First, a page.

Stakeholder reporting and communication (investor relations) draws on a range of datasets

The traditional “customer service” model of CRM systems once again makes overly-simplified assumptions about the customer relationship when applied to private capital markets.

In fifteen years I personally have yet to hear the terms “warranty” or “service call” in this market because it’s just not the same. But make no mistake, as uncomfortable as it may be to say aloud, customer service is more important now than ever and it’s constantly happening; the industry is, after all, considered to be a financial “service”.

As it turns out, that service is primarily information-based — it’s driven by data and takes the form of reports and analysis that drive decisions, and then end up again in investor-facing reports and analysis.

The foundational elements of a private capital markets CRM must be built such that they accommodate this data (like we discussed above), but so too that it can accommodate additional supporting data that investors (customers!) need in the context of service.

Oftentimes this supporting data — financial metrics and time-based values, for example — is believed not to meet the traditional definition of CRM and the natural thought is “well, better do this in Excel!”.

While I happen to believe Excel is still the greatest software application ever built, its introduction to this value chain we’ve discussed herein actually creates the problem many firms suffer from: key data needed to provide customer service (again: effectively the entirety of a firm’s reports and analysis) is now in disparate systems and detached.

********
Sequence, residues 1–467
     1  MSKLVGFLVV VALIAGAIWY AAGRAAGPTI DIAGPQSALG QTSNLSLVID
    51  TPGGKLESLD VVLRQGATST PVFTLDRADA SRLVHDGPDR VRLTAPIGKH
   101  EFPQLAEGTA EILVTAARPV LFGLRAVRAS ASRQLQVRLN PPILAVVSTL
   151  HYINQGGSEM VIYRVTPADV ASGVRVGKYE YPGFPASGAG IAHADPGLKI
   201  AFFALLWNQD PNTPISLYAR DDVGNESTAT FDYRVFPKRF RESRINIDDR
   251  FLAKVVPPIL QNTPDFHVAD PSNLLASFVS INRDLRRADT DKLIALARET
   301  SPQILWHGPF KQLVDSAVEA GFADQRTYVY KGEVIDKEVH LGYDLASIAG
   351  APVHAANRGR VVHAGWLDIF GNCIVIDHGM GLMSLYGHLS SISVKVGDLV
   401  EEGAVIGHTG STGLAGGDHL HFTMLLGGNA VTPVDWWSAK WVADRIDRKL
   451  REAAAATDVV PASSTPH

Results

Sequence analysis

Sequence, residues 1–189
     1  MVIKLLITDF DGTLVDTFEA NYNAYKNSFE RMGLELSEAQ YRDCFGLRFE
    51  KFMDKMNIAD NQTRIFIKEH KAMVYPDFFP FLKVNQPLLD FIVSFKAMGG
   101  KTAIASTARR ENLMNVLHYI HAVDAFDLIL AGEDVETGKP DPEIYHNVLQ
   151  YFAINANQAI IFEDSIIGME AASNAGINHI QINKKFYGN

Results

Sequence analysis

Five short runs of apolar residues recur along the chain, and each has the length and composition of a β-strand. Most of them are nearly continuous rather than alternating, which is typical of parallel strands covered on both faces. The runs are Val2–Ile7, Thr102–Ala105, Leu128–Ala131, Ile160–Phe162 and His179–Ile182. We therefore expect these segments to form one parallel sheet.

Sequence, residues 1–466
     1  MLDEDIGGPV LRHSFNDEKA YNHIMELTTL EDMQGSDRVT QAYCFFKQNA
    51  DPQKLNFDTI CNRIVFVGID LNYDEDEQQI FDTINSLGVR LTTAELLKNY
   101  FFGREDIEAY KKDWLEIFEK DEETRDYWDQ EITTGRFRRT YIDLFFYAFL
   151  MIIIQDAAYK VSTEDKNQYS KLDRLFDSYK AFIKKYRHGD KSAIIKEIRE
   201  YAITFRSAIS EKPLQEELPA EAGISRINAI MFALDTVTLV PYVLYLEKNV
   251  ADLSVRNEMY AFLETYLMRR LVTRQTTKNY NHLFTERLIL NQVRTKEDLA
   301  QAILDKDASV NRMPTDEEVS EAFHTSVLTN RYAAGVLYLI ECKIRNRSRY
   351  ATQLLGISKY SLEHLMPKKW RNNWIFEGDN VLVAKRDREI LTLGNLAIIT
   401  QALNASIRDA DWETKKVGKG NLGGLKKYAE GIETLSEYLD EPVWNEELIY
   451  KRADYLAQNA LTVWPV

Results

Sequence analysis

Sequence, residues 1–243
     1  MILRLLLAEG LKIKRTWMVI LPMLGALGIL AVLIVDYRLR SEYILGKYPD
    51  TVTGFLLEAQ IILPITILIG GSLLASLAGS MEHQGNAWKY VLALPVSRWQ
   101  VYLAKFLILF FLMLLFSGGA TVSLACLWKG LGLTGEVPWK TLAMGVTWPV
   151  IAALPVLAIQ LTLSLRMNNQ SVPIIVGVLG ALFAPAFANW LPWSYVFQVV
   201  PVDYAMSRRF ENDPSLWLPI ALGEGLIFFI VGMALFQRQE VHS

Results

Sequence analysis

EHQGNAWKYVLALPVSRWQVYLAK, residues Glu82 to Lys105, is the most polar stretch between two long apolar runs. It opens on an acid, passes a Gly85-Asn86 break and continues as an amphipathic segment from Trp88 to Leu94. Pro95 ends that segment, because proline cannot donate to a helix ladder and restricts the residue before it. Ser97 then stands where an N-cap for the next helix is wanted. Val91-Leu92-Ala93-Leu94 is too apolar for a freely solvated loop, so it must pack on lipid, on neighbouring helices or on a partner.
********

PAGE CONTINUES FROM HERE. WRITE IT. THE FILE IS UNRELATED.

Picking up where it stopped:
Both of those dynamics are important and distinct: not only is this supplemental data disparate, but when brought together there is no logical association that can be made between the two data sets.

Allow me, then, to make the point very simply: not only can this financial and time-based value data (you may be thinking about is as “portfolio monitoring” or “accounting”) be a part of a CRM, it is arguably the most important part of a CRM because it’s at the core of what providing service to the customer entails — information that comes out of data!

Firms need a digital method to engage stakeholders (ie investor portals)

Investor portals are not new; in fact, for many of us — including myself — they conjure up horrifying nightmares in which we’re aimlessly guessing at folders to find the newest document we need.

So in lies the opportunity: not only have the portals we’ve come to hate not simplified the process of acquiring information, they’ve failed to create an entirely new experience that is “customer service” driven.

To be fair, this is not a B2C market where you’d be long out of business for not having focused on customer service and thus the customer’s technology-driven experience. But don’t expect to be around too much longer if you aren’t thinking about this shift.

Today’s institutional investors increasingly expect this same consumer-like experience, and a massive opportunity is being missed by not providing it. It’s not about providing them the experience they desire; it’s more about the ability to measure engagement that is had in return.

Put simply: what’s keeping the market from providing this experience is the availability of the information that’s required to create the service that provides the experience.

If you’ve hung in this long, you know that by focusing on your CRM, you have the data that’s required to manage the customer relationship and the technology-driven experience through which that information is shared to create a differentiated and opportunistic customer experience.